Last updated: 25 May, 2018

It’s a case of generations colliding, with hundreds of young Victorians set to gather with researchers, advocates and policy makers today to discuss youth mental health.

The YMCA Youth Summit in partnership with VicHealth will explore the trends that will impact young people over the next 20 years, what’s being done to support them, and what skills young people want and need to stay mentally well.

According to VicHealth and CSIRO research young people will have to cope with challenges very different to what their parents faced, such as the rise of automation, an increasingly insecure and unstable job market and over exposure to online content.

With one in four young people currently experiencing a mental illness such as anxiety or depression, the summit brought young people together with experts to discuss the issues and develop solutions.

YMCA Advocacy Manager Ari Kurzeme said the mental health and future of young Victorians was a topic we all need to discuss.

“We are living in a time where young people face unprecedented levels of mental illness, and a future that will look vastly different to today.

“We can do more to help young people avoid mental illness in the first place as well as help them to face challenges of the future. Having young people guiding these conversations is key.

“Young people go through enormous change as teens through to early adulthood – they are developing physically, intellectually and emotionally while experiencing huge transitions with education, work, family and relationships.

“These changes alone can negatively impact mental health but combined with huge external factors like an increasingly inaccessible housing and job market it’s clear more must be done.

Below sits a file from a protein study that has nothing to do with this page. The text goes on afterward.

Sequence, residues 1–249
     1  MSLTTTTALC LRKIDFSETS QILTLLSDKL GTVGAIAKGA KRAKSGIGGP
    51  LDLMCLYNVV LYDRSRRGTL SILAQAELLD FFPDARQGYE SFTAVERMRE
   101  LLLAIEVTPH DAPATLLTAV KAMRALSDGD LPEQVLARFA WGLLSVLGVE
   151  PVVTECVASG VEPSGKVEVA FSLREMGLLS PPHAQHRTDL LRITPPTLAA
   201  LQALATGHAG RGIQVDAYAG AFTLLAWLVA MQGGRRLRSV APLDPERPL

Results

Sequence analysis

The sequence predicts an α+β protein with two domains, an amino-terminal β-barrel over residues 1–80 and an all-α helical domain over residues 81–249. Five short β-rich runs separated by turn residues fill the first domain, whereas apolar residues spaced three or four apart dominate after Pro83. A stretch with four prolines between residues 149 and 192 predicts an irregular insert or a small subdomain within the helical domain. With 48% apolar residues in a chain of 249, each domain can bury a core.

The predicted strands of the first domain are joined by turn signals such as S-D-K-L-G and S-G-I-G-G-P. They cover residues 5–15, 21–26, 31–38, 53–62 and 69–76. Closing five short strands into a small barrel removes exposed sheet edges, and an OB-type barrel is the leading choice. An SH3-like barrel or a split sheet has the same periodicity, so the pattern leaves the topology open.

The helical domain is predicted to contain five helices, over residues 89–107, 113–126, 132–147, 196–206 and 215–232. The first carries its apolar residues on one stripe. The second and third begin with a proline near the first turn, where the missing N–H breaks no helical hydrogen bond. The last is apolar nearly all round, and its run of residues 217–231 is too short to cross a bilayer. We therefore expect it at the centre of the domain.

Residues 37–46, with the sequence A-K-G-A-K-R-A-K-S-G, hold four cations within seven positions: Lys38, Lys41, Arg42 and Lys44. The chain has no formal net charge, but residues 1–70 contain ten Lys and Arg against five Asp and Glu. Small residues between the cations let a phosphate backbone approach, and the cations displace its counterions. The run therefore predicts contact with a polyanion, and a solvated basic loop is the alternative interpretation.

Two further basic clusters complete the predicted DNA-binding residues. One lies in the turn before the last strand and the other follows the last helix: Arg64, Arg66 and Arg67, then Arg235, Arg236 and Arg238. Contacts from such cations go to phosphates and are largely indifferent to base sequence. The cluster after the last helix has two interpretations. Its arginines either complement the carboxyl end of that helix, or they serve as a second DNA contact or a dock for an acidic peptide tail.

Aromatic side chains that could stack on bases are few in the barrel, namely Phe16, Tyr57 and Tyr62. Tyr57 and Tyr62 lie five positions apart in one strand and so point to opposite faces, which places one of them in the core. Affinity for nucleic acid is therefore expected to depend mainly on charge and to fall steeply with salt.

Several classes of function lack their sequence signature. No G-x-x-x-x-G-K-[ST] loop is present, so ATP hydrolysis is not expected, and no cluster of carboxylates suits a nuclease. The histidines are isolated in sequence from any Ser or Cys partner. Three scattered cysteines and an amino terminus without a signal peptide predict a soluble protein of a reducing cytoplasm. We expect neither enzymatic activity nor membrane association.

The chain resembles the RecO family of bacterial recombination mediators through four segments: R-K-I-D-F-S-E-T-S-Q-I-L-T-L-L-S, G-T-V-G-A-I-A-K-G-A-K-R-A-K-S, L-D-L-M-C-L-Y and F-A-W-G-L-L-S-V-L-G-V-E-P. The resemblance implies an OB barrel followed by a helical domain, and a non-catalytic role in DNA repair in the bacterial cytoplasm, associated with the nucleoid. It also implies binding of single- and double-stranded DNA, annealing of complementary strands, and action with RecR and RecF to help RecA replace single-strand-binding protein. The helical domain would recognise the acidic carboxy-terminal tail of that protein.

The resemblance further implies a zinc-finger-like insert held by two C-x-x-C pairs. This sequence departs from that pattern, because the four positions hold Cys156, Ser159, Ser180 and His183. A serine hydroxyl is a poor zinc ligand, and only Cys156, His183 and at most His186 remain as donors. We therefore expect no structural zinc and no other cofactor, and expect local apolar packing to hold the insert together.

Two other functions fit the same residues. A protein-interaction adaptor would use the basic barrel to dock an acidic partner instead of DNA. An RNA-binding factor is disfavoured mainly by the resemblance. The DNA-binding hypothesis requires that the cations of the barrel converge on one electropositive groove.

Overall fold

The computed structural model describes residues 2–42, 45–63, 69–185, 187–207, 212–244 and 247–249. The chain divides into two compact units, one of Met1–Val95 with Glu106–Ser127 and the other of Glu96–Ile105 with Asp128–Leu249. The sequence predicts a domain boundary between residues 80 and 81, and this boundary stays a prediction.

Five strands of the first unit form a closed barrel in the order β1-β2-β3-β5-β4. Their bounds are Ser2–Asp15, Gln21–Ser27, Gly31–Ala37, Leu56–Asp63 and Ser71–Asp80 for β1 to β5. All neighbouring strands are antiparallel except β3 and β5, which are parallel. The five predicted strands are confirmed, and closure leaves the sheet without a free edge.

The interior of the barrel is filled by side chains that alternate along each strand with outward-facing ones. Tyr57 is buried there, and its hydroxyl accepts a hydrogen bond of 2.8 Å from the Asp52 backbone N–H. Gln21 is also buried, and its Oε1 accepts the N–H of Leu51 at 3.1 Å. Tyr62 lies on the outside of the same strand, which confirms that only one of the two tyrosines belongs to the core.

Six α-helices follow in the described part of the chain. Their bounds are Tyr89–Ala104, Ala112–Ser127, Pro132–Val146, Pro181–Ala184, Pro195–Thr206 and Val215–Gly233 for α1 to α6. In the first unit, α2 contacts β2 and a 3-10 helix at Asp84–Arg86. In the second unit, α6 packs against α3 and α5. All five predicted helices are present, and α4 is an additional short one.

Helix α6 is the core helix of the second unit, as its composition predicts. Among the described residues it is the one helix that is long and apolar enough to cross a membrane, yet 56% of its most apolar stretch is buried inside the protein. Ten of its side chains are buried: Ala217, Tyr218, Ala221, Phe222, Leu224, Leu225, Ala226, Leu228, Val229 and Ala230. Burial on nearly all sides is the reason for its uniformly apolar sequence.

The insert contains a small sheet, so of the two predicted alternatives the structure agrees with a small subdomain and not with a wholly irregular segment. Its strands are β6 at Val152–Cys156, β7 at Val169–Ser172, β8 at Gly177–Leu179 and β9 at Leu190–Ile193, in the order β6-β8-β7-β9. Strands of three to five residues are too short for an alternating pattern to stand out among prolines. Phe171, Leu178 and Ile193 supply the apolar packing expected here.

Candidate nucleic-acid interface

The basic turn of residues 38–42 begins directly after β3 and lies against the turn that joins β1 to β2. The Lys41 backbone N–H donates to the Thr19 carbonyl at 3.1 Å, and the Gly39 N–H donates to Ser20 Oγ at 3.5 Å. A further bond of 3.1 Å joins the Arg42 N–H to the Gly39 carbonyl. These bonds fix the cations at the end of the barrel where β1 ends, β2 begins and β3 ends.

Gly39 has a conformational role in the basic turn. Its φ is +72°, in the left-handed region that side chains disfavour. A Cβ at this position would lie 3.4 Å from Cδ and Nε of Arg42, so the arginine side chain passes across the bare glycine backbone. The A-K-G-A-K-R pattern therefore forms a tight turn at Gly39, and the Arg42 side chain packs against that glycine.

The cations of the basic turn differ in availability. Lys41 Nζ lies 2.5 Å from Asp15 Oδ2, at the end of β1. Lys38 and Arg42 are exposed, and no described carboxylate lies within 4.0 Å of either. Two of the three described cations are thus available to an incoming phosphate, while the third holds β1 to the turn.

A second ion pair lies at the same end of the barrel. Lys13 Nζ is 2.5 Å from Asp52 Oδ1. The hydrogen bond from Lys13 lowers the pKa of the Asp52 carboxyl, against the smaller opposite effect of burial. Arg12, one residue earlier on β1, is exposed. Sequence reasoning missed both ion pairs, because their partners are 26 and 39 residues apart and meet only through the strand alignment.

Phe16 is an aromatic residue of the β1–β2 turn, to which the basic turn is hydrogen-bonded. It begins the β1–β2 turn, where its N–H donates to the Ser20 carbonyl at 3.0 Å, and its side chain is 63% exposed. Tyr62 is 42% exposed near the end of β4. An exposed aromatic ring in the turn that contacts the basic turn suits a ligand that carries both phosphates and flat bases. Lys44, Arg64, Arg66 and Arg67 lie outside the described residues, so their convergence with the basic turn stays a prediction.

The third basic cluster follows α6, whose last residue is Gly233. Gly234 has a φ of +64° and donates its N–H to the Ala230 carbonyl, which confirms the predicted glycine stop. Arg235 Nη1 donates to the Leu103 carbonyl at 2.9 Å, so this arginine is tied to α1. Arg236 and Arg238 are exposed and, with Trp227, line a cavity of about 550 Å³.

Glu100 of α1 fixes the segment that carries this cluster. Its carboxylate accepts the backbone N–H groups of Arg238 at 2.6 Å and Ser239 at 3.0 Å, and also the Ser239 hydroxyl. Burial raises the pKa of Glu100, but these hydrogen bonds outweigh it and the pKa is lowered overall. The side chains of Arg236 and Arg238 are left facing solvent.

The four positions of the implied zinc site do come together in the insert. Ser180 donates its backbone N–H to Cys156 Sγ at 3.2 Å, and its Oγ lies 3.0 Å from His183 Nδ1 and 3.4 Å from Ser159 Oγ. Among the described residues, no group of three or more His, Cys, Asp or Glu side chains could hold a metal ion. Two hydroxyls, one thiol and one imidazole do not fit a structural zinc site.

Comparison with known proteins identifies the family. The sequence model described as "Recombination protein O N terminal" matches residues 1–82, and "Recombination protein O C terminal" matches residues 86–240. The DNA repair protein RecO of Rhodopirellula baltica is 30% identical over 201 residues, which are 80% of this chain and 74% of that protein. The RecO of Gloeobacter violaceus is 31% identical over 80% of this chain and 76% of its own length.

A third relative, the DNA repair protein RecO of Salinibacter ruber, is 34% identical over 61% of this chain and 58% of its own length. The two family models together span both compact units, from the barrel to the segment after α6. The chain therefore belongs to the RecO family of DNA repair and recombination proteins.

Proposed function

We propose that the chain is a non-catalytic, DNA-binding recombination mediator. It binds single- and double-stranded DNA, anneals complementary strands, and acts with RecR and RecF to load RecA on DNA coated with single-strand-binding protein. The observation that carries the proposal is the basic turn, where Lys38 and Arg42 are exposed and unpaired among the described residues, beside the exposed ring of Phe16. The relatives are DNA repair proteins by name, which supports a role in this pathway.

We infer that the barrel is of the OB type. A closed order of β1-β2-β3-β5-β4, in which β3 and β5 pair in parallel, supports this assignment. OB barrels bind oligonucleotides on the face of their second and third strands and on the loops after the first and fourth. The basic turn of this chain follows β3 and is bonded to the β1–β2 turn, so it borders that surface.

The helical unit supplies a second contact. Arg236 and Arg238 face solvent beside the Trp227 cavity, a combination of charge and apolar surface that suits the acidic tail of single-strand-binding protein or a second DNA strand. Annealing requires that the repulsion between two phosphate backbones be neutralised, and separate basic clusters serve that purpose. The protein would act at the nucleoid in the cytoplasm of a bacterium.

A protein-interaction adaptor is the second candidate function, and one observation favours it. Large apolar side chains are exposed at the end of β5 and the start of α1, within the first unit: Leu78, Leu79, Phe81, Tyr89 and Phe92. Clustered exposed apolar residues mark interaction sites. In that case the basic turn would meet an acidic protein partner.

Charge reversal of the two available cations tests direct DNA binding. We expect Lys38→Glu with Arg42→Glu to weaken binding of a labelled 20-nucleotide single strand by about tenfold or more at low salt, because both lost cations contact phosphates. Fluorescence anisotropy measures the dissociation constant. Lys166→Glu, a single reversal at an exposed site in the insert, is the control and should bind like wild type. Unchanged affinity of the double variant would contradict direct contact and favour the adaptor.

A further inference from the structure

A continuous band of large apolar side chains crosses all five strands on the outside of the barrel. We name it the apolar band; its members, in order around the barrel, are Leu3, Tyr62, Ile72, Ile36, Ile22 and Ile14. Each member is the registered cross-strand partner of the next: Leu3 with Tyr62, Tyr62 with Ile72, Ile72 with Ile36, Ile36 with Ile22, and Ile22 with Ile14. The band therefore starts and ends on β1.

“Early adulthood is a crucial time when more support needs to be given to help our young people get the knowledge and skills needed to promote their mental wellbeing.

“We need to ensure government, schools, communities and workplaces are doing all they can to promote mental wellbeing and build resilient young people,” Kurzeme said.

VicHealth CEO Jerril Rechter said that this summit is about empowering young people for the future.

“Young people need the skills and support to navigate life’s ups and downs. They also need to be involved in the development of the services to support them,” Ms Rechter said.

“This summit gave young people a chance to tell us what they need to stay well, and for them to learn new skills they can use throughout their lives.

“By working together and creating the programs and support structures young people want and need, they will be truly empowered and ready to face what the next 20 years and beyond has to offer.” 


Key research presented at the summit includes:

  • CSIRO research in the five key megatrends influencing the mental wellbeing of young people over the next 20 years
  • Tomorrow Me – using games to help boost young workers’ resilience
  • VicHealth’s Bright Futures initiative promoting community and young people’s resilience, social connection and wellbeing
  • VicHealth TopSpin campaign focused on marketing and manipulation of the alcohol industry on young people.



YMCA Youth Summit

9.30am – 3pm

The Arts Centre Melbourne

100 St Kilda Rd, Melbourne VIC


Vision and interview opportunities:

  • YMCA Advocacy Manager Ari Kurzeme
  • YMCA Youth Ambassador Amanda Gailiss
  • VicHealth CEO Jerril Rechter
  • CSIRO Senior Researcher Dr Claire Naughtin
  • Hundreds of young people learning about mental health and wellbeing

Media enquiries:

Shannon McKeogh, YMCA, 0412 612 039, [email protected]  

Rachel Murphy, VicHealth, 0435 761 732, [email protected]